For the best wildlife sightings, safaris usually take place in the cooler times of the day. Even if you’re expecting a sweltering afternoon, don’t underestimate how chilly the morning and evening can be. The combination of the open safari vehicle and wind when you’re moving makes a fleece jacket something you’ll greatly depend on.
The best jacket to buy for a safari is one that provides as much versatility as possible. For the best value for money, invest in a warm jacket that can be used for many different activities in as many different environments.
The North Face Aconcagua Insulated Jacket is super lightweight (which makes it easy to travel with), water-resistant and offers wind protection.
Hardshell and Rain Gear
If you’ve opted to visit Tanzania in the wet season, in addition to fleece and a warm jacket, we recommended packing a hardshell and rain gear.
A synthetic jacket performs better in wet weather than warm/down jackets. The key thing to look for in a jacket is a highly water-resistant outer fabric – nylon is great on synthetic jackets.
Something like the North Face Resolve works perfectly for those typical East African afternoon showers. Here’s a women’s Resolve. For quick rain cover, you might also consider packing a poncho that covers both your body and your daypack during a downpour.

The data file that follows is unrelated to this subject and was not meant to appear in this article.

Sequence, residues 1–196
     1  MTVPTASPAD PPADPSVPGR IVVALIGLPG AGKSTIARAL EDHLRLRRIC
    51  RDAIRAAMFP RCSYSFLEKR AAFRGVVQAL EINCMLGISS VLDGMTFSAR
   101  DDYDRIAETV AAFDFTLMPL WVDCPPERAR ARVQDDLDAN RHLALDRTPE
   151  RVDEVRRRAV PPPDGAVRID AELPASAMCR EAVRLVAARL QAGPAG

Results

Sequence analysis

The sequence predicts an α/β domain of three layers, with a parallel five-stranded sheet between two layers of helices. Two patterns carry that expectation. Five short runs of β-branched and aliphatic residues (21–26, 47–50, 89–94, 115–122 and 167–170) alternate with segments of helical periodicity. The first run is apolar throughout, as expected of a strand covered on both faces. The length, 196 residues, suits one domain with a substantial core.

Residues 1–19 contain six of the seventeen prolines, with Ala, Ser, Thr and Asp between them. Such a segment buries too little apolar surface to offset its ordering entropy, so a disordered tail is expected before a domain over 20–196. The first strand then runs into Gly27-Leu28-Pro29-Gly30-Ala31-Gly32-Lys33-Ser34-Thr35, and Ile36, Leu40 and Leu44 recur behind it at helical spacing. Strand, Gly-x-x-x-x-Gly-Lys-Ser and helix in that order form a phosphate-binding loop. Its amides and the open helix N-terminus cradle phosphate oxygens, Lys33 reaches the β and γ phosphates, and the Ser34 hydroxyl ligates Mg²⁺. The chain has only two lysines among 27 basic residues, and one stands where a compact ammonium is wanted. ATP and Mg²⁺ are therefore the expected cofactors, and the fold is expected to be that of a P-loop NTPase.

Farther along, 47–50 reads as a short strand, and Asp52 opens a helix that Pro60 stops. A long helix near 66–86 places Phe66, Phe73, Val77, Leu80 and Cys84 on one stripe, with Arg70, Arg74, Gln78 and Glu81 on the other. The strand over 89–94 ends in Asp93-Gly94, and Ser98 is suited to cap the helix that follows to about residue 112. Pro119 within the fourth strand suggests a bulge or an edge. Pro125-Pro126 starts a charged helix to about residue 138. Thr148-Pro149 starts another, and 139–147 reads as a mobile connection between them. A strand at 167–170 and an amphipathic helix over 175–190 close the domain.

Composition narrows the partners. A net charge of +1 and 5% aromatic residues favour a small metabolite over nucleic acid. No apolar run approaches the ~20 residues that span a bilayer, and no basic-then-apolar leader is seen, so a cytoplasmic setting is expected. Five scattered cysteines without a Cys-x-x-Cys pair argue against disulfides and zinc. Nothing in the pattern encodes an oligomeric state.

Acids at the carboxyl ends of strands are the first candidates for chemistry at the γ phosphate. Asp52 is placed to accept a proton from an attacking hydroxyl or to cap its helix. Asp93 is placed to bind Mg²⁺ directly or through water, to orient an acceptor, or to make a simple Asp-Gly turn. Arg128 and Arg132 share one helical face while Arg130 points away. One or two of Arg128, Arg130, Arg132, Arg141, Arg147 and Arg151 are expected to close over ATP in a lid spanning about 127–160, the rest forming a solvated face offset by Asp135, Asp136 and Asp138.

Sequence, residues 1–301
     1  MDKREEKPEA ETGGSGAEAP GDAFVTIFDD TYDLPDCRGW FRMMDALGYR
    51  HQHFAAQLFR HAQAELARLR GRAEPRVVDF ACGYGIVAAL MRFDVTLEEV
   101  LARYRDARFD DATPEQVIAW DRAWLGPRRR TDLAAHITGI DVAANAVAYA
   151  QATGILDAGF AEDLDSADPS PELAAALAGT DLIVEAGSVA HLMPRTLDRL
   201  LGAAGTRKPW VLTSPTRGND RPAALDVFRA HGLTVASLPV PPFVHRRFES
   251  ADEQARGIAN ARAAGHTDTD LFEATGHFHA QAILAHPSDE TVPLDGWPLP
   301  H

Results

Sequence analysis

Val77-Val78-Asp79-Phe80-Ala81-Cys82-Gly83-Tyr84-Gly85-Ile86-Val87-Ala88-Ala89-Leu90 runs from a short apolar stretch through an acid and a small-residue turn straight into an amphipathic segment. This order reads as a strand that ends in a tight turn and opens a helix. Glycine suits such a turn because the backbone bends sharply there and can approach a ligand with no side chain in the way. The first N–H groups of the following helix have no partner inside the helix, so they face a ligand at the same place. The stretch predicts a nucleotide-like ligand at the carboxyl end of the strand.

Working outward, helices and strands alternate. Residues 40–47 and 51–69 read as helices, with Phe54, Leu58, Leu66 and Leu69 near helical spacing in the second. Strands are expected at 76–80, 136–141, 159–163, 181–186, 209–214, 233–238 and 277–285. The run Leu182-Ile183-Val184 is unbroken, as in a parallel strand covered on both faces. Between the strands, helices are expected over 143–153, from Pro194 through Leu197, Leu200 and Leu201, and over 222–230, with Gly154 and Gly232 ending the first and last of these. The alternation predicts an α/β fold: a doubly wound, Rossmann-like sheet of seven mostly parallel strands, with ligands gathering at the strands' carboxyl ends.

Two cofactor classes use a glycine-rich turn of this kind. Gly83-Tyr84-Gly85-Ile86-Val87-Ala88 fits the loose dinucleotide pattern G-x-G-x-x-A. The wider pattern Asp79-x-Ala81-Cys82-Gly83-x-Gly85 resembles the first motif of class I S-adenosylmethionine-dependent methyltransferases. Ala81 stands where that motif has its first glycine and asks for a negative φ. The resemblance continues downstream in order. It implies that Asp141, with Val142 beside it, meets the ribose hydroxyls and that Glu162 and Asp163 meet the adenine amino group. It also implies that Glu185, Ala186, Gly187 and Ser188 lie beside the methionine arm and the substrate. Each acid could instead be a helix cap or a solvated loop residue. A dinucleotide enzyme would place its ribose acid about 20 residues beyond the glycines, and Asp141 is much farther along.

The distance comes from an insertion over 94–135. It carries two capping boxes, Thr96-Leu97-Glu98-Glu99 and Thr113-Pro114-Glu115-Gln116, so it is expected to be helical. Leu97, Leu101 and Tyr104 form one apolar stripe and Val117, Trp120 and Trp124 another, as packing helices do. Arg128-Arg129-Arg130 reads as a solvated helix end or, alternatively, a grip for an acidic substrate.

Safari Hat and Sunglasses
The best hat to pack for a safari should not only provide sun protection but also be able to stay on your head during those breezy safari drives. This moisture-wicking hat from Columbia (it’s unisex) blocks out UVA and UVB rays plus has a drawcord and a toggle.
Sunglasses are also an essential safari item that doubles up as both sun protection and a way to keep dust out of your eyes.
A correctly-coloured scarf provides some extra warmth when you need it, but also gives you something to cover your face against a dust storm or insects. A lighter silk scarf can be worn around your neck during the day, and a heavier blanket scarf is useful for covering your shoulders when it gets chilly.
For more information, read our safari packing guide.